Charles Krauthammer

Iran has pulled off a tidy little success with its seizure and subsequent release of those 15 British sailors and marines: a pointed humiliation of Britain, with a bonus demonstration of Iran's intention to push back against coalition challenges to its assets in Iraq. All with total impunity. Further, it exposed the utter futility of all those transnational institutions -- most prominently the European Union and the U.N. -- that pretend to maintain international order.

You would think maintaining international order means, at a minimum, challenging acts of piracy. No challenge here. Instead, a quiet capitulation.

The quid pro quos were not terribly subtle. An Iranian "diplomat" who had been held for two months in Iraq is suddenly released. Equally suddenly, Iran is granted access to the five Iranian "consular officials" -- Revolutionary Guards who had been training Shiite militias to kill Americans and others -- whom the U.S. had arrested in Irbil in January. There may have been other concessions we will never hear about. But the salient point is that what got this unstuck was American action.

Where then was the EU? These 15 hostages, after all, are not just British citizens, but under the laws of Europe, citizens of Europe. Yet the EU lifted not a finger on their behalf.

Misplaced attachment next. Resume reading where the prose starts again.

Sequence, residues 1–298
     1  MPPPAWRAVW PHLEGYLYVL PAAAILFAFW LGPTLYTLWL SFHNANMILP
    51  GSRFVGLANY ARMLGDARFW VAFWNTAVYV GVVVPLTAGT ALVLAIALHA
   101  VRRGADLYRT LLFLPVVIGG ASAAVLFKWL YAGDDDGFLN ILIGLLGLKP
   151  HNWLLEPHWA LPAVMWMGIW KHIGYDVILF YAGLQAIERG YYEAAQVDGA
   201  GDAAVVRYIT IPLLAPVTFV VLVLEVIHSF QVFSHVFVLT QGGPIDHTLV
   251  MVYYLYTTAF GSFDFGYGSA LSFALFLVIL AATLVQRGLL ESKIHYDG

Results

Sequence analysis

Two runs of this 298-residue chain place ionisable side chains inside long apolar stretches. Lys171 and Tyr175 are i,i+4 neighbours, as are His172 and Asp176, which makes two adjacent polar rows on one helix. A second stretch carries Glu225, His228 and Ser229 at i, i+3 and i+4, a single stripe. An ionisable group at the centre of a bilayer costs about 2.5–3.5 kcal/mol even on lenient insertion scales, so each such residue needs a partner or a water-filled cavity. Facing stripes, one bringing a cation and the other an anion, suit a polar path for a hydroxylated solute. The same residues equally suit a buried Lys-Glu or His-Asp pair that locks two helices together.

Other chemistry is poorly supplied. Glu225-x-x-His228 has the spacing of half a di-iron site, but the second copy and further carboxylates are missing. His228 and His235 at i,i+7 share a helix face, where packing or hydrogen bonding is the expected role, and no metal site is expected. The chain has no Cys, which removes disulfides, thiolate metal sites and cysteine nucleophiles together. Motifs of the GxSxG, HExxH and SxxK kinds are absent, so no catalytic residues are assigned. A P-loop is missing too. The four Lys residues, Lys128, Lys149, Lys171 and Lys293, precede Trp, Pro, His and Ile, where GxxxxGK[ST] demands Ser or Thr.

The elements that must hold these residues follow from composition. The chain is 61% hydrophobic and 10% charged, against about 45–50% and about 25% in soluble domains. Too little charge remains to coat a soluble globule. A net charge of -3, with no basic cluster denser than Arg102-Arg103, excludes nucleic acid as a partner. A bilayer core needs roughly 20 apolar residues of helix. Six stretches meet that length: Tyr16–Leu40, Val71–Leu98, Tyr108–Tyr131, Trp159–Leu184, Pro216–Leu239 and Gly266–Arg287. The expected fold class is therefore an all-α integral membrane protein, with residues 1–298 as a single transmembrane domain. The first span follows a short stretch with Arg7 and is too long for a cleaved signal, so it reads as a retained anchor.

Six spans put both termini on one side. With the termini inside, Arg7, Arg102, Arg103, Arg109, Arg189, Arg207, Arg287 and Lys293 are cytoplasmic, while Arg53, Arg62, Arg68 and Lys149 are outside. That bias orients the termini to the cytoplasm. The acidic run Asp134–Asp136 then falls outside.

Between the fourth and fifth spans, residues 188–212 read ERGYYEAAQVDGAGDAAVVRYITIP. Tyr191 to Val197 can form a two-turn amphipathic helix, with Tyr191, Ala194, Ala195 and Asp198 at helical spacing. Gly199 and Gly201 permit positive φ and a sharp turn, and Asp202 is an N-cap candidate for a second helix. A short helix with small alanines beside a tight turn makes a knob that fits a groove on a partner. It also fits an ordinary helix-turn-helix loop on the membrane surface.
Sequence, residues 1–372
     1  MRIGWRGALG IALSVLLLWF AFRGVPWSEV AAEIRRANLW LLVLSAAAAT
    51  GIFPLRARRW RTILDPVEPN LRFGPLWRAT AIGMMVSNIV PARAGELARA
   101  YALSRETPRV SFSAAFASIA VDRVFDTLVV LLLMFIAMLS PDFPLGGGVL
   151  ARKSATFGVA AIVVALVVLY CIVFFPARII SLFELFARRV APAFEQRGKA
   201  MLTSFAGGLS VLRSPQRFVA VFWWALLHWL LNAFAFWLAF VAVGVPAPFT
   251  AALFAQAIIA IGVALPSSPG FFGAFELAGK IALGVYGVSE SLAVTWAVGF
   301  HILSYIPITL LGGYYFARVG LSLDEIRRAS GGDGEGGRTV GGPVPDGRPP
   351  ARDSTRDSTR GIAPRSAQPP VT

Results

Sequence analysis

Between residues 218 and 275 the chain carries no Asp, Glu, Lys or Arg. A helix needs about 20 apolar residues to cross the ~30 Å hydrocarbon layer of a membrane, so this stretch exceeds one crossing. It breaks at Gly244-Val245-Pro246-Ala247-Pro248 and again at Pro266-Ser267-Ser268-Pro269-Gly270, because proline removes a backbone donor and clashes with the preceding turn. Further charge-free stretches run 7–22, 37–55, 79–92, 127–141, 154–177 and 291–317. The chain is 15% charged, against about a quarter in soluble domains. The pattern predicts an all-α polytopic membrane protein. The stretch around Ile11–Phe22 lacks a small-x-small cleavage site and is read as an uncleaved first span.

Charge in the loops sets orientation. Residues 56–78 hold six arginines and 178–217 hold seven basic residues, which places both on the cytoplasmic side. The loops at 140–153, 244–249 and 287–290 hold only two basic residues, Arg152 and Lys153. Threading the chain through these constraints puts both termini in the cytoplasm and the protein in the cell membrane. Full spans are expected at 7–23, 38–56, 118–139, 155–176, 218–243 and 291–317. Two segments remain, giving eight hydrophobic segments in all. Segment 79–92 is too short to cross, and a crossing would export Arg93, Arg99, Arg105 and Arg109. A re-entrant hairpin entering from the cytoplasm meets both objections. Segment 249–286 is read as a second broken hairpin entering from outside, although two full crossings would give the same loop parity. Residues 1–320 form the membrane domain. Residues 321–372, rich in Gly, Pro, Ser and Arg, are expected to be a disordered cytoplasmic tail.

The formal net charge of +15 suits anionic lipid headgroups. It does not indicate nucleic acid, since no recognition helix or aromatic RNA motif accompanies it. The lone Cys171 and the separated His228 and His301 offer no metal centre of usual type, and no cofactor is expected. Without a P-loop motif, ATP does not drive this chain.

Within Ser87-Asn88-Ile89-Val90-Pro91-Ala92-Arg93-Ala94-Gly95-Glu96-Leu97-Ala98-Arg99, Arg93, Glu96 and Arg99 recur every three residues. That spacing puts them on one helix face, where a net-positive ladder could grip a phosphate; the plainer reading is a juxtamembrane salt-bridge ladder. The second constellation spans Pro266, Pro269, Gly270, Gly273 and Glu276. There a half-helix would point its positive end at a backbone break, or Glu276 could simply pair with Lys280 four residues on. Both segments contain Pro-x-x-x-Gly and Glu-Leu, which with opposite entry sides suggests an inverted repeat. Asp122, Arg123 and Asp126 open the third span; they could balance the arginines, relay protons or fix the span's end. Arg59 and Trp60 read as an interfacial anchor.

Europeans talk all the time about their preference for "soft power" over the brute military force those Neanderthal Americans resort to all the time. What was the soft power available here? Iran's shaky economy is highly dependent on European credits, trade and technology. Britain asked the EU to threaten to freeze exports, $18 billion a year of commerce. Iran would have lost its No. 1 trading partner. The EU refused.

Why was nothing done? The reason is simple. Europe functions quite well as a free trade zone. But as a political entity, it is a farce. It remains a collection of sovereign countries with divergent interests. A freeze of economic relations with Europe would have shaken the Iranian economy to the core. Yet nothing was done. "The Dutch," reports The Times of London, ``said it was important not to risk a breakdown in dialogue.'' So much for European solidarity.

Like other vaunted transnational institutions, the EU is useless as a player in the international arena. Not because its members are venal but because they are sovereign. Their interests are simply not identical.


Charles Krauthammer

Charles Krauthammer is a 1987 Pulitzer Prize winner, 1984 National Magazine Award winner, and a columnist for The Washington Post since 1985.

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